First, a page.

Story of an American Massacre: the Opioid Crisis Continues

The dire opioid crisis that has been devastating the United States for years has become a true “public health emergency.” That was how President Donald J. Trump described it in a memorandum on Oct. 26 which echoed a 2015 report from the Drug Enforcement Administration, which read, “Overdose deaths, particularly from prescription drugs and heroin, have reached epidemic levels.” In 2015, 53,000 people died from overdoses, mainly from opiates. In 2016, that figure increased by 21 percent, leading to 64,000 victims. As German Lopez reported in Vox, this is more than the total number of soldiers killed in Iraq and Vietnam combined.

If the heroin trade is experiencing a disturbing resurgence, then the uncontrolled abuse of painkillers is extremely alarming. As Hector Abad Faciolince wrote in an article for Internazionale, “The new drug addicts and overdose death cases in the United States, most of them white people, fall into the habit because doctors prescribe ‘painkillers.’ These are very strong analgesics; synthetic opiates, much more powerful than heroin and morphine.”

The opiates that kill, writes Faciolince, are “legal drugs” like oxycodone, fentanyl or Vicodin, later resold on the internet as heroin. “Then there is another even more deadly synthetic drug, carfentanyl, which is used as a sedative for elephants, and which is a hundred times more powerful than fentanyl. A few specks of carfentanyl powder on the tongue can kill a human being.”

Opioids, a National Emergency

In the United States, where 80 percent of the world’s opioids are consumed, overdose deaths have now surpassed those caused by car accidents and shootings, reports CNN. Larry Hogan, the Republican governor of Maryland, has declared a state of emergency and launched a $50 million plan to prevent drug trafficking and fight against opioid dependence.

The Obama administration, which proposed the 21st Century Cures Act in December 2016, saw a rare bipartisan Senate majority (94-5) favoring the allocation of $1 billion in the fight against drug addiction. President Trump approved an additional loan of $485 million in 2017, and over the last few years, the stance of the Office of National Drug Control Policy, the Drug Czar of the Executive Office of the White House, has been strengthened. Currently, the position is held by Richard J. Baum, a former member of the United Nations drug study group.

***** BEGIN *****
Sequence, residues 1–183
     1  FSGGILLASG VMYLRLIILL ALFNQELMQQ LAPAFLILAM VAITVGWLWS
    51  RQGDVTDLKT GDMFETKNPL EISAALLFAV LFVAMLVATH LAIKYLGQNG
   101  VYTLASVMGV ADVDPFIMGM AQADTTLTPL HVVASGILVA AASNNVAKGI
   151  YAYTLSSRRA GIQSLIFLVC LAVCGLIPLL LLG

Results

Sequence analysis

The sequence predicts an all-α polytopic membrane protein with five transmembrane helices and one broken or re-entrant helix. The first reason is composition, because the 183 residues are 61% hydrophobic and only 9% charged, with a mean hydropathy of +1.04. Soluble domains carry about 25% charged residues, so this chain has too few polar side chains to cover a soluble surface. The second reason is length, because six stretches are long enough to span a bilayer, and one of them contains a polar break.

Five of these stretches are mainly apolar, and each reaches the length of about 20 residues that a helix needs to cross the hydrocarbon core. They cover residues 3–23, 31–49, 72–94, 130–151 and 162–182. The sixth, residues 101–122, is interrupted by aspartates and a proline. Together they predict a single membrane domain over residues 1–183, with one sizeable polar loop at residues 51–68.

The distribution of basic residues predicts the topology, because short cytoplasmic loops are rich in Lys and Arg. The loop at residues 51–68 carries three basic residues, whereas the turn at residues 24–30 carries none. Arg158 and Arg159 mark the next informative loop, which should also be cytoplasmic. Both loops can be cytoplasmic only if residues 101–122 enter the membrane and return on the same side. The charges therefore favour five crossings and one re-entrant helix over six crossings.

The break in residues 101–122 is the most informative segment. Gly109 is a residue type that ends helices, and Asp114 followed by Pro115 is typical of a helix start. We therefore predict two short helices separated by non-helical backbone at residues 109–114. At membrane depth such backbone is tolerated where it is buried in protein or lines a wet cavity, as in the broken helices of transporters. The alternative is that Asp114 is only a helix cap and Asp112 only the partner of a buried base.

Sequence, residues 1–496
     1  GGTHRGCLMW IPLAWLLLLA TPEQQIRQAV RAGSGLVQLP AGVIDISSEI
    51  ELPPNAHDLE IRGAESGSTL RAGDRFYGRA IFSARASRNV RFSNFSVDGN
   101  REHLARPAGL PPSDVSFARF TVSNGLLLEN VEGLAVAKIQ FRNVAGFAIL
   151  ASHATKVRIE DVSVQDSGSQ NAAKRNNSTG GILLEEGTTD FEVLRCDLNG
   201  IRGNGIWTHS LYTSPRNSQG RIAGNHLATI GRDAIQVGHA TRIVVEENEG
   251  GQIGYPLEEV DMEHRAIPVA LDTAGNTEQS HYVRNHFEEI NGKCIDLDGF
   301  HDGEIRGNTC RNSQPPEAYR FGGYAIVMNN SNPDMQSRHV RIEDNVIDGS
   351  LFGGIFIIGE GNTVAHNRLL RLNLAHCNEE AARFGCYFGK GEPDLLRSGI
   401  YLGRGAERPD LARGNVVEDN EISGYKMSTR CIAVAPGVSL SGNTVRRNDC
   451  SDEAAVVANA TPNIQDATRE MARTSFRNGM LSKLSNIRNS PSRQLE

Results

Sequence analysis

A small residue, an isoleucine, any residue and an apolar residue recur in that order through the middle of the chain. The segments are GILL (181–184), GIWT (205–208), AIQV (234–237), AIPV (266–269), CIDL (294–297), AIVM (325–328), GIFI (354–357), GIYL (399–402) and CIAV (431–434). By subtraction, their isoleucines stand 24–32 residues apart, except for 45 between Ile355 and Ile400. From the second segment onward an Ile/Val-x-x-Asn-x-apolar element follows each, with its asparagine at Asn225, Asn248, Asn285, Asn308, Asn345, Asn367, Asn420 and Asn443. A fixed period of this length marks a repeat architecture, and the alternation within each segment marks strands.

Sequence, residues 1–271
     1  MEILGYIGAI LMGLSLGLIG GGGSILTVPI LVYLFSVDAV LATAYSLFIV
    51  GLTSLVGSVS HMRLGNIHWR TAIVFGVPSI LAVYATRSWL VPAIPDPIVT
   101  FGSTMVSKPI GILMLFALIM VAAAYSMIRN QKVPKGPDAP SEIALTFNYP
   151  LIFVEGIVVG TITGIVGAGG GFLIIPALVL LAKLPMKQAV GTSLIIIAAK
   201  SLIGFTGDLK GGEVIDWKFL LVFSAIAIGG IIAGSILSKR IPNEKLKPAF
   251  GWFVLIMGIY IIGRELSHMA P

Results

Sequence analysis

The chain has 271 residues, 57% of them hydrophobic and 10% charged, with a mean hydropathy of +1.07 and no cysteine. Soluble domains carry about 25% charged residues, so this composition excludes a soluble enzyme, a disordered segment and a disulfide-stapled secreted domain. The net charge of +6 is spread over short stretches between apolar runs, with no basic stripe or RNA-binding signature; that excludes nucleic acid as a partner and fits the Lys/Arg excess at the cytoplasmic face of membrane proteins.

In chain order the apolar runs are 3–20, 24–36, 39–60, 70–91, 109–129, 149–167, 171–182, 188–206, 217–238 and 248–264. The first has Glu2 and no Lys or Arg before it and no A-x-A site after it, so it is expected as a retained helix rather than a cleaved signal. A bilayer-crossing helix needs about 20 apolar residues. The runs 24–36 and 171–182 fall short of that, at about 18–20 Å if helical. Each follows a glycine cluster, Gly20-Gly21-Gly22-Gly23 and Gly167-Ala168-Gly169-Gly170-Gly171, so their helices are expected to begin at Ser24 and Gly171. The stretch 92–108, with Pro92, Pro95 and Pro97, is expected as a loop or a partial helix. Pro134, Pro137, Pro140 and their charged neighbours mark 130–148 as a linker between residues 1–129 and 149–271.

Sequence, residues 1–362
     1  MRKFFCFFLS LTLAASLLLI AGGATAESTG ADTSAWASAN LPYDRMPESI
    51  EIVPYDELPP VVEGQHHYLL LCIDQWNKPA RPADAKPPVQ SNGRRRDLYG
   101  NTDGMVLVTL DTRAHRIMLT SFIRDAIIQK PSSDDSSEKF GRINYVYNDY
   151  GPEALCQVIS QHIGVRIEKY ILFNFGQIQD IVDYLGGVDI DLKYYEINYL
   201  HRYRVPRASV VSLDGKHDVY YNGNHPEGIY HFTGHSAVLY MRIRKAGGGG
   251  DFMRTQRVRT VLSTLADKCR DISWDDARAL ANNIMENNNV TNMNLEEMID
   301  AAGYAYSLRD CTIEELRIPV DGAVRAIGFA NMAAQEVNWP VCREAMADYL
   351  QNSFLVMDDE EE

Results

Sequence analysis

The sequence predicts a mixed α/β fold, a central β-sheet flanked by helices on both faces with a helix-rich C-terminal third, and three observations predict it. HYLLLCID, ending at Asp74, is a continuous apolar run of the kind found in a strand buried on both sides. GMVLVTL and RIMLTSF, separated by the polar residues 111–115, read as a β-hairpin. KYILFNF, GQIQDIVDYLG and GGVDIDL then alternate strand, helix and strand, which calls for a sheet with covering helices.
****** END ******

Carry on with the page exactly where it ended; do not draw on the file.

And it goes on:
At the Root of the Opioid Crisis Is the Role of the Pharmaceutical Companies

Big Pharma bears primary responsibility for the dynamics that led to the official sanction of opiates and the prevailing dire crisis. As Ross Barkan wrote in The Guardian, “We know that this crisis was almost nonexistent before Purdue Pharma dropped OxyContin on the market. Led by Purdue Pharma, major pharmaceutical companies engineered a campaign to persuade doctors and patients,” convincing them to underestimate opioid risks and overestimate their therapeutic roles.*

Big Pharma’s lobbying in the United States Congress has been continuous and aggressive since the mid-1990s. Barkan cites the thorny case of Joe Kennedy III, Democratic representative of Massachusetts, who, according to reports from The Intercept, received constant pressure to draft legislation against entrusting the Centers for Disease Control with tools that would discourage opioid dependency in people, exploiting his position as a declared progressive.

What is certainly not a positive presentation for the 37-year-old heir to the most famous American political dynasty (who recently criticized the president during the State of the Union address) reveals at the same time how the opiate crisis does is not based only in the weakness within American society; a political and economic will drove the dangerous official sanction of medications and painkillers that, distributed uncontrollably, have led to serious upheaval within the country. To stop this American carnage, the American massacre attributable to legal and illegal drugs, the federal government and the states will have to face the question with all the seriousness required of a true national security emergency.

*Editor’s note: The full quote was “We know this crisis was entirely manufactured, almost nonexistent before Purdue Pharma dropped OxyContin on the market in 1995. Led by Purdue Pharma, major pharmaceutical companies engineered a campaign to persuade doctors and patient groups to downplay the addiction risk of opioid painkillers while exaggerating their role in the treatment of a wide variety of ailments.”

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